During the Middle Ages, an Old Prussian fort called Malcekuke was located near the current site of Pieniężno. The Teutonic Knights built an Ordensburg castle near Malcekuke in 1302. Both the castle and the town which developed nearby were destroyed during the war between the Teutonic Order and the Kingdom of Poland in 1414. During the Thirteen Years' War, Mehlsack surrendered to the Order, and the castle burned down during Poland's recapture of the town. From 1589-1599, Prince Andrew Cardinal Báthory of Transylvania, cousin of Sigismund Báthory, was the administrator for the castle. In 1550, the Prussian army laid siege to the city and partially burned it down.
The town was captured by Swedish troops in 1626 during the Polish-Swedish War of 1625-29, recovered by Hetman Stanisław Rewera Potocki, and then had its castle partially destroyed by Swedish troops in 1627. The castle was restored in 1640 with Baroque gables, and its function changed from being a fortress to being a château.
During the 19th and 20th centuries the castle lost some of its Gothic and Baroque features, and in 1870 its eastern and southern wings were demolished after extensive deterioration. The remainder of the castle was used as administrative offices for Prussianofficials. From 1920-31 the western wing was renovated so the castle could be used as a school and museum. In 1945, Mehlsack, including its castle, was 90% destroyed by fighting during World War II and was conquered by the Soviet Red Army from Nazi Germany.References:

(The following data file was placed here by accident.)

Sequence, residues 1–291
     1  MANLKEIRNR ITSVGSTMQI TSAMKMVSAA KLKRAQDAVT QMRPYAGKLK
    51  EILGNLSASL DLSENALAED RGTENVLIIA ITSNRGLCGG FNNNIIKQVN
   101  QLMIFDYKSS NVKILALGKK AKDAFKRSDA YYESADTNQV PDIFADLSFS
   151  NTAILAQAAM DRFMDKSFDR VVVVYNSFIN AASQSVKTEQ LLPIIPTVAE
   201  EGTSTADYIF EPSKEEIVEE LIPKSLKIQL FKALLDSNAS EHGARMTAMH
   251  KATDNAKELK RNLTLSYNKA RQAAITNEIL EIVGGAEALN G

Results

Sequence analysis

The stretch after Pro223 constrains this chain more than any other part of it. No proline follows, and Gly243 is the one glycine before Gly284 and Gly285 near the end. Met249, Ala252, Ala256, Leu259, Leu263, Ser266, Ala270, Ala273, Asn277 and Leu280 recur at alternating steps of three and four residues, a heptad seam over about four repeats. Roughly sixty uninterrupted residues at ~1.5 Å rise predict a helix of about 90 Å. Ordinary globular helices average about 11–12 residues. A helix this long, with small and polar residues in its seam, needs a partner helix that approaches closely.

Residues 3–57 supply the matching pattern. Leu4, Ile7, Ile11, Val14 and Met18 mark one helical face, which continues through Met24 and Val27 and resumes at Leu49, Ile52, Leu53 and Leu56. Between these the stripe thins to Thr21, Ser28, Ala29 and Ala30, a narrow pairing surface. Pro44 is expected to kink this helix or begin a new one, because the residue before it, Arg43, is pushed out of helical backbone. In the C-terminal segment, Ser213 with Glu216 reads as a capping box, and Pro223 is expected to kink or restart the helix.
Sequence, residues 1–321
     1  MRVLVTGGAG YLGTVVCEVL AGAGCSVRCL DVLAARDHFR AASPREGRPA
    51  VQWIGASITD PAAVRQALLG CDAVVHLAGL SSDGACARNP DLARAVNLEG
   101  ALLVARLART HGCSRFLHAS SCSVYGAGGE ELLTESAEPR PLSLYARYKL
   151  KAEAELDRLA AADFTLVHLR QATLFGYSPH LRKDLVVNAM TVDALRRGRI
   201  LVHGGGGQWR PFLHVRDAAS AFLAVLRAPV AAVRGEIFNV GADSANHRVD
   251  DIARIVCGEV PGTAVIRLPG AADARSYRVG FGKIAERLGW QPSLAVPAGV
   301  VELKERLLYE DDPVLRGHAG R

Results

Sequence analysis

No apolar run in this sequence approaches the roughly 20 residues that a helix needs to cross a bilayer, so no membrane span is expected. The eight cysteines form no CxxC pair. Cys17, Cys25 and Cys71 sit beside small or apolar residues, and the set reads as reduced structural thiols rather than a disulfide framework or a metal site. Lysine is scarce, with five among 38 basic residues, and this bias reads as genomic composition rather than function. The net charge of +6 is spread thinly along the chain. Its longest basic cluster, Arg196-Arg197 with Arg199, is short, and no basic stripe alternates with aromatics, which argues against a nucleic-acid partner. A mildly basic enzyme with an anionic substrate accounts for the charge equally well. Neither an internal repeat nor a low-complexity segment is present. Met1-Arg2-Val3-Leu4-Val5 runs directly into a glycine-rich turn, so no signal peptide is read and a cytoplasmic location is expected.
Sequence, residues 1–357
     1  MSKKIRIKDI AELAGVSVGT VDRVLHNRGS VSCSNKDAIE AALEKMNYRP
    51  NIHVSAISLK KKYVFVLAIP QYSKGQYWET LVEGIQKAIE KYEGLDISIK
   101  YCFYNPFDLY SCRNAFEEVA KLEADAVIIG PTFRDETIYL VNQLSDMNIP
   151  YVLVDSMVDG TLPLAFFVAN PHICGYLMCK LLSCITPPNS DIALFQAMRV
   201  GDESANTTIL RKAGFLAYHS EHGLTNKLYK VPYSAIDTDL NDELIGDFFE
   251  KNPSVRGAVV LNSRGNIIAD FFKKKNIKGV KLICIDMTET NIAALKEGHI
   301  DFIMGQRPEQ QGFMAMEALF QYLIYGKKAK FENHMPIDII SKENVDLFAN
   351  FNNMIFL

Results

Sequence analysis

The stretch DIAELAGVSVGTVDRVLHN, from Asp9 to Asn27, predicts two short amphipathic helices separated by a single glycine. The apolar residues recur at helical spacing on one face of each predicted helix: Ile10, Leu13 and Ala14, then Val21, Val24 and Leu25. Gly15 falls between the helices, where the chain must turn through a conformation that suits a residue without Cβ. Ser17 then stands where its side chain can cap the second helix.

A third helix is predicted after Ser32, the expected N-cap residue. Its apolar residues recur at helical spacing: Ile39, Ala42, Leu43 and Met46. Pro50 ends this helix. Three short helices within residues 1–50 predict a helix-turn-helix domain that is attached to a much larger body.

Kerameikos was the potters" quarter of the city, from which the English word 'ceramic' is derived, and was also the site of an important cemetery and numerous funerary sculptures erected along the road out of the city towards Eleusis.
The earliest tombs at the Kerameikos date from the Early Bronze Age (2700-2000 BC), and the cemetery appears to have continuously expanded from the sub-Mycenaean period (1100-1000 BC). In the Geometric (1000-700 BC) and Archaic periods (700-480 BC) the number of tombs increased; they were arranged inside tumuli or marked by funerary monuments. The cemetery was used incessantly from the Hellenistic period until the Early Christian period (338 BC until approximately the sixth century AD).
The most important Athenian vases come from the tombs of the Kerameikos. Among them is the famous “Dipylon Oinochoe”, which bears the earliest inscription written in the Greek alphabet (second half of the eighth century BC). The site"s small museum houses the finds from the Kerameikos excavations.